PineBridge Investments’ chief economist Markus Schomer has assessed the political risks carried by the forthcoming elections in the Netherlands, France, Germany and possibly Italy.
He said only one of these elections needs to turn wrong to sharply increase the risk of a severe EU crisis.
Schomer focused on France where Front National’s Marine Le Pen scores high in the polls.
The far-right candidate is campaigning against immigration, against the EU membership and against the straight jacket of the euro (Le Pen recently said that both European and local currencies can co-exist, quoting the model of the European Currency Unit).
“A Le Pen win could seriously fracture the relationship between Germany and France – the driving force behind the project of European Integration – to the point of breaking up the eurozone or the EU itself,” commented Schomer.
PineBridge Investments’ chief economist added the victory of Francois Fillon in the center-right primairies was a very positive development.
If elected as the next French president, Fillon would consider more business friendly economic policies in France, having referred to former UK Prime Minister Margaret Thatcher as a model during the campaign for the center-right primairies.
“For the first time it indicated there is not just negative political risk in Europe this year, but also a small chance politics could actually turn out to be positive for European growth and stability.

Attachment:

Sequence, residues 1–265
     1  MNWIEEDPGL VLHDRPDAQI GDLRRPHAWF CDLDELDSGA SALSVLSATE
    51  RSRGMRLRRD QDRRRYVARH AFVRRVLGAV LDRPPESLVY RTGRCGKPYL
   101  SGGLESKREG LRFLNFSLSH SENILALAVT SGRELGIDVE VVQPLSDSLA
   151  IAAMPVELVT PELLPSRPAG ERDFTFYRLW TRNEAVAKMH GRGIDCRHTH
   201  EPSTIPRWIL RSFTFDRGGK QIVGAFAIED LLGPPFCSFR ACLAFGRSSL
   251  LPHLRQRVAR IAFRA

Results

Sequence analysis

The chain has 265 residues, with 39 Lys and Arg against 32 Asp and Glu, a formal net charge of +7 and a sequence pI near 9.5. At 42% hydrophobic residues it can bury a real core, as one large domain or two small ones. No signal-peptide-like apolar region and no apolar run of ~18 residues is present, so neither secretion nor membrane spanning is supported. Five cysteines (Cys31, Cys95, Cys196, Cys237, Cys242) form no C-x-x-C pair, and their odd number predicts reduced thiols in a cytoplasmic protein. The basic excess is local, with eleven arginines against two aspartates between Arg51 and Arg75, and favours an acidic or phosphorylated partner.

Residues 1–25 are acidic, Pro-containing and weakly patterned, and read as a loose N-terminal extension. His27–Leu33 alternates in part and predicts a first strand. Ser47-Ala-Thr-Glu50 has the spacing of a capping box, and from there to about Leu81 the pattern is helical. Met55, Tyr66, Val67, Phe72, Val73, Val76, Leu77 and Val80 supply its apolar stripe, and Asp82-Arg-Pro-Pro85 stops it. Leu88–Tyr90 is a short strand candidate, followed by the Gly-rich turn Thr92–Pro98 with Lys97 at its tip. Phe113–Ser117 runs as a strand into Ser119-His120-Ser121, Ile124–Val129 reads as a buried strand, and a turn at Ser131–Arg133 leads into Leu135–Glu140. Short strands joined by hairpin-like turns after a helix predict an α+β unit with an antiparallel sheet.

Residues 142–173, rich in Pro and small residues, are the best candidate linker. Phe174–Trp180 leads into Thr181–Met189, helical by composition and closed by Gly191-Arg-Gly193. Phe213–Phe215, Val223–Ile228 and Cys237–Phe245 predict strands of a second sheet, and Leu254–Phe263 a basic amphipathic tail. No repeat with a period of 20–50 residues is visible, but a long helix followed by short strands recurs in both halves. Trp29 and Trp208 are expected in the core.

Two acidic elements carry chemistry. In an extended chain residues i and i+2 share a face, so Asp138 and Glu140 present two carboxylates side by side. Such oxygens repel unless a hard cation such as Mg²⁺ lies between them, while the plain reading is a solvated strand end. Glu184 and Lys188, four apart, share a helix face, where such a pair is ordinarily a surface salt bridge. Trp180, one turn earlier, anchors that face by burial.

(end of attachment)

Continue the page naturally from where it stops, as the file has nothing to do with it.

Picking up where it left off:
“It would require a Fillon win in May and a workable Republican majority in Parliament where they currently hold less than 40% of the seats. However, it seems Fillon needs the center-left to remain divided,” Schomer said.
If Fillon currently leads the polls, the gaps between candidates remain very tight.
“Fillon is in the lead with 29% with Le Pen just 4 points behind (not far from the typical margin of error). The left, meanwhile, seems split between the Socialists around Jean-Luc Mélenchon at 14% and ex-Socialist Emmanuel Macron, who now styles himself as a centrist/third way candidate, at 18%.
“If those two camps could form a coalition and field a single candidate – assuming the polling wouldn’t change – such a center-left option could be in the lead with 32%,” Schomer analysed.
According to PineBridge Investments’ chief economist, the worst case French election scenario would see Le Pen facing a left or center-left candidate in the second round.
“In such a scenario most of the losing center-right votes from the first round could go to her in a vote against the current deeply unfavorable left wing government, while tolerating Len Pen’s intolerant, anti-EU and protectionist views.
“That wouldn’t be that much different to the Republican embrace of Donald Trump in the US. If she runs against a center-right candidate, she likely loses, because most of the center-left votes would go to the center-right candidate as the least worst option,” Schomer argued.
However, the probability of that scenario occurring remains low, he reckoned as current polls suggest Le Pen would not only lose against Fillon in a 1-on-1 poll but also against some center-left candidates such as Macron.